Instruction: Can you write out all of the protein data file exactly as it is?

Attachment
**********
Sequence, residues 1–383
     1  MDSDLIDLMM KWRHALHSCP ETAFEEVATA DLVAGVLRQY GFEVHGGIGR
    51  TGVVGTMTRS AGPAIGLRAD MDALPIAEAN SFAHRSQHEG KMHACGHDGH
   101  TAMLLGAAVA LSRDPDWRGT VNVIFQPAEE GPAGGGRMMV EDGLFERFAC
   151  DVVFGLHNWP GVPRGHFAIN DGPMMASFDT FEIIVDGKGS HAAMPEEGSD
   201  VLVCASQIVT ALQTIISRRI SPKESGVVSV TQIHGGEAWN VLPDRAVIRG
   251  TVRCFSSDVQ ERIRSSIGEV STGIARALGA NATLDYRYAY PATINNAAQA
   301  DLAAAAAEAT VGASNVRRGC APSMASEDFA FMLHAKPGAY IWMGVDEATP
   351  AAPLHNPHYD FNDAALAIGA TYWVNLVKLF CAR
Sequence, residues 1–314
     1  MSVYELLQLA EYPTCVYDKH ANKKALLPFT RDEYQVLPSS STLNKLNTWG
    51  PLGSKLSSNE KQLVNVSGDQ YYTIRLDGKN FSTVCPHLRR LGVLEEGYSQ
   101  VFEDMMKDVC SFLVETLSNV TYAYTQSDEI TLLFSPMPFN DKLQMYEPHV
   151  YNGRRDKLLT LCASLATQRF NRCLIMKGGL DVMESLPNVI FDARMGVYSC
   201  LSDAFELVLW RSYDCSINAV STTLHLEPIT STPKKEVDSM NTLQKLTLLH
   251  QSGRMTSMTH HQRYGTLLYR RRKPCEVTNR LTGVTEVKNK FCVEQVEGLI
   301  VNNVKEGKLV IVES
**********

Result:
Sequence, residues 1–383
     1  MDSDLIDLMM KWRHALHSCP ETAFEEVATA DLVAGVLRQY GFEVHGGIGR
    51  TGVVGTMTRS AGPAIGLRAD MDALPIAEAN SFAHRSQHEG KMHACGHDGH
   101  TAMLLGAAVA LSRDPDWRGT VNVIFQPAEE GPAGGGRMMV EDGLFERFAC
   151  DVVFGLHNWP GVPRGHFAIN DGPMMASFDT FEIIVDGKGS HAAMPEEGSD
   201  VLVCASQIVT ALQTIISRRI SPKESGVVSV TQIHGGEAWN VLPDRAVIRG
   251  TVRCFSSDVQ ERIRSSIGEV STGIARALGA NATLDYRYAY PATINNAAQA
   301  DLAAAAAEAT VGASNVRRGC APSMASEDFA FMLHAKPGAY IWMGVDEATP
   351  AAPLHNPHYD FNDAALAIGA TYWVNLVKLF CAR
Sequence, residues 1–314
     1  MSVYELLQLA EYPTCVYDKH ANKKALLPFT RDEYQVLPSS STLNKLNTWG
    51  PLGSKLSSNE KQLVNVSGDQ YYTIRLDGKN FSTVCPHLRR LGVLEEGYSQ
   101  VFEDMMKDVC SFLVETLSNV TYAYTQSDEI TLLFSPMPFN DKLQMYEPHV
   151  YNGRRDKLLT LCASLATQRF NRCLIMKGGL DVMESLPNVI FDARMGVYSC
   201  LSDAFELVLW RSYDCSINAV STTLHLEPIT STPKKEVDSM NTLQKLTLLH
   251  QSGRMTSMTH HQRYGTLLYR RRKPCEVTNR LTGVTEVKNK FCVEQVEGLI
   301  VNNVKEGKLV IVES